Meanwhile, Bishop Robert Morlino, of the Madison Catholic Diocese, approved the changes "but requested the monastery no longer have Roman Catholic Mass celebrated at the center and that blessed Communion wafers no longer be ‘reserved’ in the chapel."

What exactly does the Bishop mean by "blessed Communion wafers"? What is actually reserved in the tabernacles of Catholic churches are consecrated Hosts, wherein the Body, Blood, Soul and Divinity of Our Lord Jesus Christ are really and substantially present. That is, the Bishop requested that the Blessed Sacrament not be profaned by being kept in a chapel operated by a group of former nuns and their Protestant companions.

In the Church of Ecumenical Dialogue, you see, there are no disciplinary orders as such, but only requests  —  unless, of course, you are dealing with those stubborn "traditionalists" who object to the auto-demolition of the Church since Vatican II. As to "traditionalists," Church authorities still do not hesitate to issue direct orders and even decrees of excommunication, as was done in the case of Archbishop Marcel Lefebvre.

Archbishop Lefebvre, you see, did not seek to be dispensed from his vows as a Holy Ghost Father so that he could turn his religious order into an ecumenical community. In that case, the Vatican would have given permission. Rather, in 1988 the Archbishop sought to consecrate bishops to preserve the traditional Mass, sacraments and catechesis during a time of unparalleled crisis and confusion in the Church. And for those consecrations (to one of which the Vatican had already agreed in principle, with only the date to be agreed upon), he was declared "excommunicated" within 72 hours.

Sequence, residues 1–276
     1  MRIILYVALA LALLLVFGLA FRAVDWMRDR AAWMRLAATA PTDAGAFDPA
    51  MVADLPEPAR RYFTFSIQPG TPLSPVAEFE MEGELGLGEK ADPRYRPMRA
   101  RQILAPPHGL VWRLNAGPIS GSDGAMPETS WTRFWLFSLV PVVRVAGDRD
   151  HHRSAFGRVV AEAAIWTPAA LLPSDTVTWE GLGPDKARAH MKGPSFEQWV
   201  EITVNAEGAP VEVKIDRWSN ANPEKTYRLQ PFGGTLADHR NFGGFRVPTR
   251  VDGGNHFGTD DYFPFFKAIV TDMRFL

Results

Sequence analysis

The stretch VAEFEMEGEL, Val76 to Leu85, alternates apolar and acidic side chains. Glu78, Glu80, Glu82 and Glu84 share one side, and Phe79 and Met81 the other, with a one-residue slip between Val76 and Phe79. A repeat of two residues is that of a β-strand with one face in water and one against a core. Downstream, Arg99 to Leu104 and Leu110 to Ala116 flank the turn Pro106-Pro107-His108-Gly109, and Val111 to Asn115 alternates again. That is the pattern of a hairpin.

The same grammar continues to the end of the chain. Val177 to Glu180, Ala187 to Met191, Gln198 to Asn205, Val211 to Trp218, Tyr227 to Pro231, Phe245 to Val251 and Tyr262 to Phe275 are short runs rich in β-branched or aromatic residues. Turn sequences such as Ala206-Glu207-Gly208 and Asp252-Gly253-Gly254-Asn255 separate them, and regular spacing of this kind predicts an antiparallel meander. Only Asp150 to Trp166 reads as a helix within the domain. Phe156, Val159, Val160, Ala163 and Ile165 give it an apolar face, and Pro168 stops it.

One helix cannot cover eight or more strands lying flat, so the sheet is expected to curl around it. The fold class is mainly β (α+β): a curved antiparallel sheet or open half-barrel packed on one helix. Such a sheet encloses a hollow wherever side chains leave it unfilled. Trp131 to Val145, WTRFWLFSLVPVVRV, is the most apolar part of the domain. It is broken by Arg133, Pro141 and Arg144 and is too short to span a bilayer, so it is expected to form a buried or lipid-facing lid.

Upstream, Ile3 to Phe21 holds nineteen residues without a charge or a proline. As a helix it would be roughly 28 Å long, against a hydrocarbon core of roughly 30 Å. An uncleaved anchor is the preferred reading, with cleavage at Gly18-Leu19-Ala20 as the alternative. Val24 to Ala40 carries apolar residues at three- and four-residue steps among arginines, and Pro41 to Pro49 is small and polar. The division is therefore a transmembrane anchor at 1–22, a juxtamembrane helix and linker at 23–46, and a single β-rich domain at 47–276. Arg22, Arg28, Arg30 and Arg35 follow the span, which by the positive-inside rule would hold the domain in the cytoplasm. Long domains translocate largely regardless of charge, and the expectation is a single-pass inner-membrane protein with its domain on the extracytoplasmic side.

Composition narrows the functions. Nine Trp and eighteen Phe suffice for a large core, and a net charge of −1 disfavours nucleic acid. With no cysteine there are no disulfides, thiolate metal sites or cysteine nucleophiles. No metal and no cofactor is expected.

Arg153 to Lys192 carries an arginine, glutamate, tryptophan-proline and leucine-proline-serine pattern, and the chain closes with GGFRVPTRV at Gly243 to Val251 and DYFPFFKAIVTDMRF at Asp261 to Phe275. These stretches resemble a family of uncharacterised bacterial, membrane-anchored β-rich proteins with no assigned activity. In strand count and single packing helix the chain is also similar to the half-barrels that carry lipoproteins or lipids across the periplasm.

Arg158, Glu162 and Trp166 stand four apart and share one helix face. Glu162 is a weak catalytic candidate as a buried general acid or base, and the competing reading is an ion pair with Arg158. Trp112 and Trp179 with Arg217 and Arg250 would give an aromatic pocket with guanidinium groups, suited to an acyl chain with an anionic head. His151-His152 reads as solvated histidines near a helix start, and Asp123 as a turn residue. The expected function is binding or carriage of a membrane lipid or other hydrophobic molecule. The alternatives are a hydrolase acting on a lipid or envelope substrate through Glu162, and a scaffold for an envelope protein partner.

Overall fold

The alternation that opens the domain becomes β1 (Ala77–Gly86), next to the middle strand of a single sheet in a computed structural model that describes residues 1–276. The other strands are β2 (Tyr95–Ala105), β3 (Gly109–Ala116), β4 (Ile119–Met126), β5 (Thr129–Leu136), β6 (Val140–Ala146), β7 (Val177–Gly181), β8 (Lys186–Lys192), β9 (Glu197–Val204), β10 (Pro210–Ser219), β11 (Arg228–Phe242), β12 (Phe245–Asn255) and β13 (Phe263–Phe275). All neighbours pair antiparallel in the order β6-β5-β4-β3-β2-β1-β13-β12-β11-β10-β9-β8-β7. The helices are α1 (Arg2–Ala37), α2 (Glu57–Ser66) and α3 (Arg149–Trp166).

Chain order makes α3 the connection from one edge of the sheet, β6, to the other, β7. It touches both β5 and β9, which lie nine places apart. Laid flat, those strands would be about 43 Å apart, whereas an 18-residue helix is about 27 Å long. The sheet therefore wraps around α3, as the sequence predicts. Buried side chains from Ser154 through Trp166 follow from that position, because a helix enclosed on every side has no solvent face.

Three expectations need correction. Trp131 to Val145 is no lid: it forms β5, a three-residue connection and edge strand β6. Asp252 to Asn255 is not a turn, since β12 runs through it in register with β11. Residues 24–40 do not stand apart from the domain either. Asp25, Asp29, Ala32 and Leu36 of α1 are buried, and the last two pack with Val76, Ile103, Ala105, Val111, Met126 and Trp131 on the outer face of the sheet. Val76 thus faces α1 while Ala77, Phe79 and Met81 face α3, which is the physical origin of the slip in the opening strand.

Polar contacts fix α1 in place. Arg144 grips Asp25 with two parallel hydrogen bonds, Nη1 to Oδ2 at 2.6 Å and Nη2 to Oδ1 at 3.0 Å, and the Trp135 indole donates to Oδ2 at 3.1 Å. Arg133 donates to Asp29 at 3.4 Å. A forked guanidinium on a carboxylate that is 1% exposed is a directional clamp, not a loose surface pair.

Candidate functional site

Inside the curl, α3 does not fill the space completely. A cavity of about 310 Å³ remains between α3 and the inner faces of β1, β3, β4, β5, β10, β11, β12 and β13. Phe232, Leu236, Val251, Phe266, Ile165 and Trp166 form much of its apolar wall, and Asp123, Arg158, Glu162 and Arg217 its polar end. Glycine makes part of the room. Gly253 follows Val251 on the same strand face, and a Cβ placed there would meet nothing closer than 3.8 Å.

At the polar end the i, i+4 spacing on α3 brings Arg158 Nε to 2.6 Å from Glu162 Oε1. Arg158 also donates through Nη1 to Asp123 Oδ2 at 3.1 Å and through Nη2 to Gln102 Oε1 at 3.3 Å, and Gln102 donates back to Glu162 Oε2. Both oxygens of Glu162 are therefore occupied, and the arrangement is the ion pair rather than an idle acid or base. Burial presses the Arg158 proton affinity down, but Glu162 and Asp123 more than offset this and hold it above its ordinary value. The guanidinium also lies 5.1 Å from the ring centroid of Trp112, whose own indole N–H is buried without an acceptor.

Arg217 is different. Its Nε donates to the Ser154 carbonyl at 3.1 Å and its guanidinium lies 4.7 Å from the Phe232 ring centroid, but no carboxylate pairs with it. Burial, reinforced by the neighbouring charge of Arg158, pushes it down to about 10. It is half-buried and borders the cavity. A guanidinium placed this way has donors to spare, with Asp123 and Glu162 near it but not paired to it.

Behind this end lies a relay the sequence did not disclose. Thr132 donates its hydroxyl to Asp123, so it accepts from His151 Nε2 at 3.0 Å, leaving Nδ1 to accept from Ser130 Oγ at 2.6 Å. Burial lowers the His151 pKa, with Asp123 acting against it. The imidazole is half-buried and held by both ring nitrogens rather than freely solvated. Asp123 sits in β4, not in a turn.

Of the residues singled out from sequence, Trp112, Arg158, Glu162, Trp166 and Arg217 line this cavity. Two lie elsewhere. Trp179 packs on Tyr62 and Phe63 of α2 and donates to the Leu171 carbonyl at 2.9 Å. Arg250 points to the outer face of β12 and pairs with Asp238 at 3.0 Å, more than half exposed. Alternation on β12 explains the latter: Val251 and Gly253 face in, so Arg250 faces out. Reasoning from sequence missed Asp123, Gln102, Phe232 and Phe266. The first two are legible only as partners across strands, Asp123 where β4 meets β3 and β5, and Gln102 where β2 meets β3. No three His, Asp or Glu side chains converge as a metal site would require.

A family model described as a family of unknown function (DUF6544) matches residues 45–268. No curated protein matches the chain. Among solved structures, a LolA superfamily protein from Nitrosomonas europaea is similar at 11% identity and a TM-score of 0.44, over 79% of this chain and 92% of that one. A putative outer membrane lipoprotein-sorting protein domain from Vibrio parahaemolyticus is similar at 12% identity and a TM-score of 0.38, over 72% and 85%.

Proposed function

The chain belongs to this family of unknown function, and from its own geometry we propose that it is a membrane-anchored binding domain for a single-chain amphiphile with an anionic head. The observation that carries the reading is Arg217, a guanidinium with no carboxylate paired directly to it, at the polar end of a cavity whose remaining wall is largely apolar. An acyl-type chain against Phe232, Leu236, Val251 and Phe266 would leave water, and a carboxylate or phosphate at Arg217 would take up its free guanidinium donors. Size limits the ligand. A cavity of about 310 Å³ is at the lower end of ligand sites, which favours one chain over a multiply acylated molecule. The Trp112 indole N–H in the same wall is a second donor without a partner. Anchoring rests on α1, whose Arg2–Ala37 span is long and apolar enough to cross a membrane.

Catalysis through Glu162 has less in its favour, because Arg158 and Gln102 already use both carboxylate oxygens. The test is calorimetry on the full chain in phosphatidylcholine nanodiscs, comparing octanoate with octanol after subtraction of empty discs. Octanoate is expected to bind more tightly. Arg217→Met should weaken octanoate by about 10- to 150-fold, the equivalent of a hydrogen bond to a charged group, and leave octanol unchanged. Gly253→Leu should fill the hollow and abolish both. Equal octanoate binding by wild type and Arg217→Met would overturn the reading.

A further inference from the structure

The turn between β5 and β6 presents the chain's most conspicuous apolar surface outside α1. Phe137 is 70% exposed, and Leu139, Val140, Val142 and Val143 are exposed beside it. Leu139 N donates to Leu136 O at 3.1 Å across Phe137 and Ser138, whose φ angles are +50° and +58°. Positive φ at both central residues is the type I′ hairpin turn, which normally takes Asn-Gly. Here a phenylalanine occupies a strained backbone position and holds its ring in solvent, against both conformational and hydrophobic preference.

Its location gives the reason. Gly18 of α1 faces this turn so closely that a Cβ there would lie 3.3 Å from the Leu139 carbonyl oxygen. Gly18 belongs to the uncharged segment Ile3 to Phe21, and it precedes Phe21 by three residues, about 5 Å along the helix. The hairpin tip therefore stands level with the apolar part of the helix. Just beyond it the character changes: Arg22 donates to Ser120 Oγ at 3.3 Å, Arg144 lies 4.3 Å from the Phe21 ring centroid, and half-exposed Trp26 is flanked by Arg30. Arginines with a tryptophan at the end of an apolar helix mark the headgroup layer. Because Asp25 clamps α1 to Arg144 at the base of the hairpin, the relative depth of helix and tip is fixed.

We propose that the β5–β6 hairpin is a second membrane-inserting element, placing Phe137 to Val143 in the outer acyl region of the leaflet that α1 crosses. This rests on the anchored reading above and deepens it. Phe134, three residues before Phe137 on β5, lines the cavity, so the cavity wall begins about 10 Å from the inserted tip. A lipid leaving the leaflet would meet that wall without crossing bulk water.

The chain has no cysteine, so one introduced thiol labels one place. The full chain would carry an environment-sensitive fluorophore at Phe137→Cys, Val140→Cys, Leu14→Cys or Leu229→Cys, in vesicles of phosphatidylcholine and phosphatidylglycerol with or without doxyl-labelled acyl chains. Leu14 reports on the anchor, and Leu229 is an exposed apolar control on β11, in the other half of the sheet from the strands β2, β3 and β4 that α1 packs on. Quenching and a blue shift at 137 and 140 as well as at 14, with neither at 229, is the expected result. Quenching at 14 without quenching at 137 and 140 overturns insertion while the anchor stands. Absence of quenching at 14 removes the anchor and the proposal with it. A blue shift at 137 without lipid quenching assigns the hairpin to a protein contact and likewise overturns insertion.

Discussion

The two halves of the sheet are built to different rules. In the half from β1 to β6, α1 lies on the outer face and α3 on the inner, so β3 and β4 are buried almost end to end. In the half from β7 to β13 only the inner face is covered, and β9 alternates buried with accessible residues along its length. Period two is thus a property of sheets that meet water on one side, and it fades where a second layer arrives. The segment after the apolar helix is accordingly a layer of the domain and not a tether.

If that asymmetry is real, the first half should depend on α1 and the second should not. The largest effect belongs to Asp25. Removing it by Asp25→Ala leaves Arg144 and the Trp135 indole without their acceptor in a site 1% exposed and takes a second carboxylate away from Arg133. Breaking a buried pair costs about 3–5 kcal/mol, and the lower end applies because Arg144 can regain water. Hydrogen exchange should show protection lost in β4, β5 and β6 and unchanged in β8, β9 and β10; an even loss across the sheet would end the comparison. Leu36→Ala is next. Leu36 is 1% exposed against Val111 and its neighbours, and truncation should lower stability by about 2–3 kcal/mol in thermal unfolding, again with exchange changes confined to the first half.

Indeed, it seems the disciplinary authority of the Church continues to function with severity and great rapidity  —  but only when it comes to those who object to the destruction of the Church’s discipline and try to do something about it.

In conjunction with his "request" that the Blessed Sacrament not be profaned in the ecumenical community the former nuns have created, Morlino opined that "Such experimental endeavors can bear great fruit for the church…." Thus, a bishop of the Catholic Church praises the defection of the nuns from their vows and their order as a fruitful experiment!